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The Sparkling-Eyed Boy: A Memoir of Love, Grown Up Paperback – May 12, 2004
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From Publishers Weekly
While the words "what if" may be the most potent daydream triggers known to humanity, writers usually explore the road-not-taken in the format of fiction. Benson's Bakeless Prize-winning work of "creative nonfiction" comprises some 32 entries relating to the "sparkling-eyed boy" of her teen years, her first big love. What if she'd kept coming back to Upper Michigan to see him every summer? What if they'd become a real couple? What if they'd had sex? What if they'd married? So this is a memoir, then, of what did not happen. As such, it isn't so much about this boy, but about Benson's feelings and her pleasure in writing about them. At times, it's as if Benson is reading over her own shoulder, commenting on her own musings. She writes that she considered suicide once, but then rebukes herself: "This is bad ethics: I shouldn't let the people who will worry about me know this." After describing the boy's form as "thrown into relief" she adds, "what a beautiful phrase, 'thrown into relief.' " She's fond of the paradoxical pronouncement: "It is our own goodness that gives us the power to be terrible." Buried among these uninteresting musings are occasional moments of insight. A friend tells her, "You're pining for something; you're not really pining for him." Benson admits she's right, that she's pining because "it feels good to feel bad sometimes. So much better than feeling nothing." Readers may want a little more from a book, however.
Copyright © Reed Business Information, a division of Reed Elsevier Inc. All rights reserved.
In this rather self-absorbed, obsessive reworking of her first experience with love, Benson recounts her childhood summers spent on the Upper Peninsula (UP) in Michigan, where she met the sparkling-eyed boy, who lived there year-round. Although she never tells us his name, she precisely details his physical appearance, their halting conversations, and their every encounter from the first moment they met diving off a country dock. She tells of the fraught relationship between UPers and summer residents, who often vied over who had a deeper sense of place. More often, she dithers over the fact that he has married, as though she expected him always to be there, waiting for her. Her memoir is filled with an aching yearning and tinged with an eroticism that seem out of all proportion to the innocent relationship they shared as adolescents. Yet her unseemly obsession also works as a remarkably candid disclosure of what it feels like to be young and in love for the first time. Winner of a prize for creative nonfiction from the Bread Loaf Writers' Conference, this is a provocative, intense read. Joanne Wilkinson
Copyright © American Library Association. All rights reserved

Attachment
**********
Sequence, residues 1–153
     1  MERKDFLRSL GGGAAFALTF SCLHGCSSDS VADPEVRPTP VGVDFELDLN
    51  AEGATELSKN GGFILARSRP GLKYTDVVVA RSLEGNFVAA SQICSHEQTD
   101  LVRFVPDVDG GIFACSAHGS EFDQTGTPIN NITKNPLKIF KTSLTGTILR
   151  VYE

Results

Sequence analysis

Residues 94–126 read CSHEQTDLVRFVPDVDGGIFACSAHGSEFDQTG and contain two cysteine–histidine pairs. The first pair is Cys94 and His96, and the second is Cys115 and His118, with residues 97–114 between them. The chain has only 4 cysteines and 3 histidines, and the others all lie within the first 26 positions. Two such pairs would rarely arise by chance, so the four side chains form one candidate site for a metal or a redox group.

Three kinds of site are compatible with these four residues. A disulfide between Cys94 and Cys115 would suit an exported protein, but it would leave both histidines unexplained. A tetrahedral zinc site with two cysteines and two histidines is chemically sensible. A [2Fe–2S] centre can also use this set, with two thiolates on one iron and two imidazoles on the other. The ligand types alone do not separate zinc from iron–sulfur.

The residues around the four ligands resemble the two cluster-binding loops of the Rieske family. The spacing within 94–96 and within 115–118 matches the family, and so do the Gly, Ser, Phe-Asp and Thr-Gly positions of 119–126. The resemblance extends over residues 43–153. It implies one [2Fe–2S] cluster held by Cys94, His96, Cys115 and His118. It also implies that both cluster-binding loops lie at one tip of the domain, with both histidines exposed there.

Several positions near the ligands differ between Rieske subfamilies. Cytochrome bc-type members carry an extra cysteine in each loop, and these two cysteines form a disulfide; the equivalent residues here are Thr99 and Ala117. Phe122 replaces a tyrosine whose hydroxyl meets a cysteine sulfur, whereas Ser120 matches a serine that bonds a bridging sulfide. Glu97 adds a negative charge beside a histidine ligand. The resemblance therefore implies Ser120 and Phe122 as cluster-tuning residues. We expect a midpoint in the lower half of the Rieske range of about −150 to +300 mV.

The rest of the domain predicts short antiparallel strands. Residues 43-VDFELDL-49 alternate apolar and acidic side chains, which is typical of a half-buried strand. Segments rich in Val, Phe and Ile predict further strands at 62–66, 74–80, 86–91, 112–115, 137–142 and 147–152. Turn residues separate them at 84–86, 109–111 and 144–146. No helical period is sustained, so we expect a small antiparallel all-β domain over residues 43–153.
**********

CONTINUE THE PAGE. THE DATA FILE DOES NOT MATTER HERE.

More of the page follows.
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Finally, here are examples of the prose my mind kept becoming stuck on, truly brilliant writing that was as beautiful as the story being told.
"When you leave the place you will only later call home, you become, rather suddenly, though you might not know it for quite some time...like a fish without scales, the naked diamonds of its puckered skin flashing their ascent from the bottom to the air-choked top...like a flock of birds with pebble-filled bones--though the stones themselves may be quite lovely, the birds plummet toward the ground as if they had suddenly fallen in love with it. Once there, they will embrace it, wings wide and necks crooked in touchingly naive surprise...like a tiny country that can find itself on no map or atlas. It wonders, was it a dream? Those years of living and naming and fighting and crying. And the tales we tell of our headdresses and the ways we sing ourselves to sleep...like a river damned, swelling like a goiter, watching its sickly abdomen trail out the other side, raging under the pressure of itself upon itself, wishing for a pin a tooth an awl a tiny hole an eyelash crack...like a fish scaled...But the news is not all bad. Though you cannot rescale yourself, though you cannot go home, you may never know yourself better than when you are about to float, white on a streak of lake, breathing like a beast." [Pg. 3-4]
"The moon is the heart of the love of the world", I say from my dusty patch of grass next to my rented house in NJ...
"It wells in compassion, dries into a slivered ache, and wells again...Tonight I cannot say, Isn't it sad and funny and incontestable that we are piercing our eyes with streetlights and headlights and city lights and letting them bleed all over our sunken cheeks... Tonight I must put away irony because my heart is a sliver of an ache." [Pg. 17]
personal text-map as Billy Collins' poetry. Or imagine David Eggars
in his more lyrical moments. Benson manages to take plain language
and do wonderfully beautiful things with it. This is from the end,
"That is my problem: I have been looking shard by shard, but stand
back and I will have the whole, fluid mosaic. But I'm afraid there
is no perspective from which we can view every angle of a moment, a
year, a life, or the life of another. And there is no answer if I
have to answer the question myself."
Yikes! This hits exactly right! When I am at a loss for words, the
best I can do is quote from people much more skilled with language.
Benson has given me a lot to say. :-)
This is a 'small' but big book, read it carefully. This is not to
say that it's difficult to read, more that the prose has subtle
but significant power. Maybe my sense of this comes with particular
resonances with my own life -- I also recall midwestern lake summers --
but Benson makes these personal memories relevant in a way that should
intersect with anyone reading her book. It's most worthy of the
Katharine Nason Prize. I'm really looking forward to reading
Benson's future work.